Revision Date: 11/03    The information in the data sheet does not change. This data sheet will not be updated.
Process Code: Navy/Marines: IND-025-99; Air Force: HW01; Army: N/A
Usage List: Navy: High; Marines: High; Army: High; Air Force: Medium
Alternative For: Single use and disposal of hydraulic fluids
Compliance Impact: Medium
Applicable EPCRA Targeted Constituents and CAS Numbers: N/A

Overview: Off-site recyclers of hydraulic fluids process waste fluid into re-refined usable products. The primary benefits of recycling hydraulic fluids include reduction of the amount of waste disposed at a facility and the possible allowance of this material to be managed under less stringent regulatory requirements. One facility, the Naval Air Station in North Island CA, reported that they recycle 90% of the waste hydraulic fluid generated on-site, leaving only 10% to be disposed as hazardous waste.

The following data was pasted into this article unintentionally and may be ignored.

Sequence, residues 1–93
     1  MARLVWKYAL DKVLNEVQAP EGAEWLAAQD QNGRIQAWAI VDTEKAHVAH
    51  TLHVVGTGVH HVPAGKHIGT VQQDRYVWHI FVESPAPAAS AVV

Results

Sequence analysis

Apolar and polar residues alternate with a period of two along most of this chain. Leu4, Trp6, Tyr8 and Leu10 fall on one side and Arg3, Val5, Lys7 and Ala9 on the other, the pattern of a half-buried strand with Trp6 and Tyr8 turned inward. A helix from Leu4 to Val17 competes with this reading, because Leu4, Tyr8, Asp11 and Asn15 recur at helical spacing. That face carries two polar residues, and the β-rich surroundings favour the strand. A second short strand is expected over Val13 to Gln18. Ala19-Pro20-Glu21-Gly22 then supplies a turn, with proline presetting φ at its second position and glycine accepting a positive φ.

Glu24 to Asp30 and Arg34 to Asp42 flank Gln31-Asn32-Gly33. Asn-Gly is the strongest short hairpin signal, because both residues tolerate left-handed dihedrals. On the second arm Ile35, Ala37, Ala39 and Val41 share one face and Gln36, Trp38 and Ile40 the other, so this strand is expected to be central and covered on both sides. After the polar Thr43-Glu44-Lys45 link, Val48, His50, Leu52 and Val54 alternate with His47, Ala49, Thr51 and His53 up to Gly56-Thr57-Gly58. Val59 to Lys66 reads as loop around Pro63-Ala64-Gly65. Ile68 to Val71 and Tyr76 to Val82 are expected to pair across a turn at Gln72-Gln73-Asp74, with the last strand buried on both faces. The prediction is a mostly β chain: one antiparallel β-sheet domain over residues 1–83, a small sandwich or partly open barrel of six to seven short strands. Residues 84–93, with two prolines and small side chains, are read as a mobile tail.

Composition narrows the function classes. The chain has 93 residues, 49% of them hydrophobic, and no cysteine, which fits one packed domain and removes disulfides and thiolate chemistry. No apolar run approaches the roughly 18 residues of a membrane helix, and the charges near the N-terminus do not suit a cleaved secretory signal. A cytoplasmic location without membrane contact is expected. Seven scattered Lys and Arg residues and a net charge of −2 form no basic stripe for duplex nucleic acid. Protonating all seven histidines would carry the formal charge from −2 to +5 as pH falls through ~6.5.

In order to implement an off-site recycling program successfully, the program costs must be less than the disposal costs. Numerous companies with varying charges and fees for waste fluid pickup perform off-site recycling of hydraulic fluids. Some recycling companies may charge to pick up hydraulic fluid while others will remove it free of charge. In addition, some recycling companies may reimburse facilities for their waste hydraulic fluid.